Journey into the Energy Code

So part of my list of things to do for 2017 was to tackle a better workflow for documenting energy compliance when our designs go to the city for permit review.

The City of Seattle has a 2012 requirement to ensure buildings meet, and hopefully exceed energy performance. As Architects we work with our consultants and team mates to determine the buildings are adequately insulated, properly ventilated, heated, cooled and well lit. There is a little horse trading with design to get the space we want with the appropriate energy performance. After all, you can’t get a naturally well ventilated, day lit space without windows!

The Architect’s job is to show compliance to the Building Energy Code. They do this either by a component or prescriptive method. The component approach is by calculating all the external building envelope areas and multiply them with the U-Value. At the end of the calculation your building needs to be less than the benchmark set by the City. If this is not the case, you are in full building energy simulation and into the prescriptive approach.


Is it easy to document? The answer is no! Your building is constantly changing through design and the current process of checking compliance is time consuming and works better with a static envelope. Calculations are usually performed at milestones; but wouldn’t it be better if you could get feedback from your model in real time, really informing your design rather than complying?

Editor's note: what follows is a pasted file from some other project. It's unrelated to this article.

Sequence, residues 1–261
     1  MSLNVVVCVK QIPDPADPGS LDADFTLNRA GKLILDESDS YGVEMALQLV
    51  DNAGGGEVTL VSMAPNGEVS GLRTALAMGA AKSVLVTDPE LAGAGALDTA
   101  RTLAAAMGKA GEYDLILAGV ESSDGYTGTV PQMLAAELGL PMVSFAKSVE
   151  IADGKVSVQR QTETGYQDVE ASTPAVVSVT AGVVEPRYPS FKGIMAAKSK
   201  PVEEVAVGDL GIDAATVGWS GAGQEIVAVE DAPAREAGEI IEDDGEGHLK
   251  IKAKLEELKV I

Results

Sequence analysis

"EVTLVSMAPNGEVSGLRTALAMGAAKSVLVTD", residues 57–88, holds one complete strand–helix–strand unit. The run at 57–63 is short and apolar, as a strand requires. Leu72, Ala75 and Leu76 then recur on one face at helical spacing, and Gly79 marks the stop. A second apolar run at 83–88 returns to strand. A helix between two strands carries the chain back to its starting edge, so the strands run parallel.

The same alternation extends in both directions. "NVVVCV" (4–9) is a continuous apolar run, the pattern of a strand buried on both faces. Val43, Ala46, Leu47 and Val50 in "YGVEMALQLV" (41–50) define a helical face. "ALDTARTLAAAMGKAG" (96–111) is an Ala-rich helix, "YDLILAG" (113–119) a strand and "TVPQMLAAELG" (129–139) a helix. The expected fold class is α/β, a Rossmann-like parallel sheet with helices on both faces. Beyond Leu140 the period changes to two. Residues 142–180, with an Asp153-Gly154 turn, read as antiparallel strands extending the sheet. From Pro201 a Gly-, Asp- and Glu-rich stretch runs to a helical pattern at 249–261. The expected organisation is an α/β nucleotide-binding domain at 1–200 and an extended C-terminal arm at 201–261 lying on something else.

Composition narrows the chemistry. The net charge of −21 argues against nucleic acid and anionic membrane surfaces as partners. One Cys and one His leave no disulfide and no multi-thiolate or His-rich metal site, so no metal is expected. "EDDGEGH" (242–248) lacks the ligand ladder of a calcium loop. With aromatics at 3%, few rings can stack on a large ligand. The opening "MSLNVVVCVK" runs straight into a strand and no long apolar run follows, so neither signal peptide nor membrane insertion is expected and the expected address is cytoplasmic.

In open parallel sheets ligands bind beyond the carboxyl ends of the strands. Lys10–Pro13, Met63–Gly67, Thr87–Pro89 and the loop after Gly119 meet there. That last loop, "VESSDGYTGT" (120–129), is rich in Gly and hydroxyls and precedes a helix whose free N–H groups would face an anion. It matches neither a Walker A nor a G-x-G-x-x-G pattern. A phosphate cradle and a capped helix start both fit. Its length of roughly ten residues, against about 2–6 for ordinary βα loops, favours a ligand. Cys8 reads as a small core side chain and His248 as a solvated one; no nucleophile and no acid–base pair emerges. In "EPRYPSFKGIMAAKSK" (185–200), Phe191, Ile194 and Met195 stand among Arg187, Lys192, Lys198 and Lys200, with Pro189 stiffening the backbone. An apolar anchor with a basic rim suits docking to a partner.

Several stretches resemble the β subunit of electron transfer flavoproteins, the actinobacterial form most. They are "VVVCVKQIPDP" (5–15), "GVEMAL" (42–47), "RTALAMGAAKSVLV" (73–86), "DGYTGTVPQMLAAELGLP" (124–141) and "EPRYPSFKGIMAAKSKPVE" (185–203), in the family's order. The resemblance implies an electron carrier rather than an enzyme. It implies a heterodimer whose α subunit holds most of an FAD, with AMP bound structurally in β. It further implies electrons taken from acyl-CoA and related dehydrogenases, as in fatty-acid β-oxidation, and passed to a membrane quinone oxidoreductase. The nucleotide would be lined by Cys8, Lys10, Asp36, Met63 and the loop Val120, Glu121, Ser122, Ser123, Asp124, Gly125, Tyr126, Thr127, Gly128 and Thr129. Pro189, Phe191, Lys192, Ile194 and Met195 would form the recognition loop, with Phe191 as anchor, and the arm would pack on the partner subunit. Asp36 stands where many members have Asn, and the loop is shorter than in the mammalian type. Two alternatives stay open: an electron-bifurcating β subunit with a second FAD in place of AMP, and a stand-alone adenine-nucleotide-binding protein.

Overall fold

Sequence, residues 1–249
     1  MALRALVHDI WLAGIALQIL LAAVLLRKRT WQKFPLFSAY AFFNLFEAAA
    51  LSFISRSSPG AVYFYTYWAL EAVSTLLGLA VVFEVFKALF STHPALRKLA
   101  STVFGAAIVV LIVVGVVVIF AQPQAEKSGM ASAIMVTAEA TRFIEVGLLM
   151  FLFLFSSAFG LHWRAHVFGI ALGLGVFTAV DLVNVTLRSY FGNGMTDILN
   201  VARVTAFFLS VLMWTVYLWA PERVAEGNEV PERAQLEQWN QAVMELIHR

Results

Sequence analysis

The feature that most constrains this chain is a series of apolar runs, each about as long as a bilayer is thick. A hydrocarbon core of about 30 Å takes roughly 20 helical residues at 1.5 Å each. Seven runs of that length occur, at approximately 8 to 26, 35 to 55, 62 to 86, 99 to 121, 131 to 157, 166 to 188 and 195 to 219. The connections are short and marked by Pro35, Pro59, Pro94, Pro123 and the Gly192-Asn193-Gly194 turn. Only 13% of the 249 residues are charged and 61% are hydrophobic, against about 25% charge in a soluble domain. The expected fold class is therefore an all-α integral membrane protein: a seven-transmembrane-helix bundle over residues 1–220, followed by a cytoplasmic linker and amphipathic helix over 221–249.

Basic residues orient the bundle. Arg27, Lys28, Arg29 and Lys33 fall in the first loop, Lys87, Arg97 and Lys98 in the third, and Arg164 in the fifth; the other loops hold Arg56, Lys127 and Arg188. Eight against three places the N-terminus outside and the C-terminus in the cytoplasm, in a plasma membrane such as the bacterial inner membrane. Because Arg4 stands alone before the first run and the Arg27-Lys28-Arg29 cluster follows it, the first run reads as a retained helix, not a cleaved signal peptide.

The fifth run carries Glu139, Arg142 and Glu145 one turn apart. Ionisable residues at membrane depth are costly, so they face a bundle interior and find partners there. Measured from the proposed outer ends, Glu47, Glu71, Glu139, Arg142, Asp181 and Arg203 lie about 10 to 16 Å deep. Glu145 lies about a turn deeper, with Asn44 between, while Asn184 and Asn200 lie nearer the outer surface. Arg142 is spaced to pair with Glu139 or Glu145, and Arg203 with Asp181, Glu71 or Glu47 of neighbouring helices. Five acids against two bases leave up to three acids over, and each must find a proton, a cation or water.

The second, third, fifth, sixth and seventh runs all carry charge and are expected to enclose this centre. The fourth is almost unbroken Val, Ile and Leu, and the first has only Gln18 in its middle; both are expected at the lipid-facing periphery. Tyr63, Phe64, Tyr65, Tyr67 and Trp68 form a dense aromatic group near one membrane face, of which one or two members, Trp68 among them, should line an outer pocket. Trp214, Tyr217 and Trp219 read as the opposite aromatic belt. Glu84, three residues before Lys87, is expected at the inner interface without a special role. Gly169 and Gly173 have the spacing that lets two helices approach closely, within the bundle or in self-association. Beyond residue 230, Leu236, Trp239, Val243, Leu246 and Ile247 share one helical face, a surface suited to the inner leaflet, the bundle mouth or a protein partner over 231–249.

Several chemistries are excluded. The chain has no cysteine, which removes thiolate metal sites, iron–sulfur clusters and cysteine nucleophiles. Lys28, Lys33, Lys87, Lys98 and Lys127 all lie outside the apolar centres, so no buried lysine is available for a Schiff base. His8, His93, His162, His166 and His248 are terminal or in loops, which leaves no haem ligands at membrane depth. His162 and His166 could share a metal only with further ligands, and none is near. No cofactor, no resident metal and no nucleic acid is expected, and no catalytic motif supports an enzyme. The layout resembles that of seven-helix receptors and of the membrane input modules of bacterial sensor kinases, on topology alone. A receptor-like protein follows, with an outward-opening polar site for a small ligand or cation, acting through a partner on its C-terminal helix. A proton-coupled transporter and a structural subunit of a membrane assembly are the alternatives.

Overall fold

The documentation in itself is time consuming. As with everything in Revit, there are multiple ways of approaching a task; but what’s the best? There is the laborious process of creating every wall assembly, adding the thermal conductivity and specific heat to all the materials, entering each components thickness to calculate the R and U values. It gets complicated when combining multiple elements into an assembly, such as a glazing and mullions. The advantage with this approach is that when the building changes, so too does the schedule. It does however mean that the team really needs to be integrated and understand what is happening to the assemblies, materials, schedules and model appropriately. A tall order when teams are scrambling to get the work done and members have varying skill sets with the tool. The other approach involves an individual to demarcate areas of building assemblies and assign the appropriate U-value – currently performed in Revit as Region Fills with scheduled material areas.


There are some that feel incumbent to create their own unique approach. This week I heard a colleague export elevations to CAD and reinsert these back into Revit within area plans to trace boundaries for the specific assemblies. I applaud the ingenuity, but to rely on a method that requires manually importing/exporting to another format and exhaustively tracing lines does not help in the workflow. Multiple area boundaries also have a tendency to hinder model performance and in turn, grind the laborious process further.

So what are our options? My current idea is to have a mass, split its face and assign the corresponding wall assemblies as painted materials with U-value parameters built-in. If the mass model could smartly update to the building envelope and somehow read the materials from the facade, projecting them onto the mass to schedule, we would be in business. I am hoping we can crack this nut as it will be a huge time saver to our Seattle teams. I believe this will start with massing, journey into Dynamo and probably end with some Rhino and Grasshopper.

If you have any bright ideas, please share as I would love to hear your thoughts. I will continue to post developments, so come back soon to how this project is progressing.

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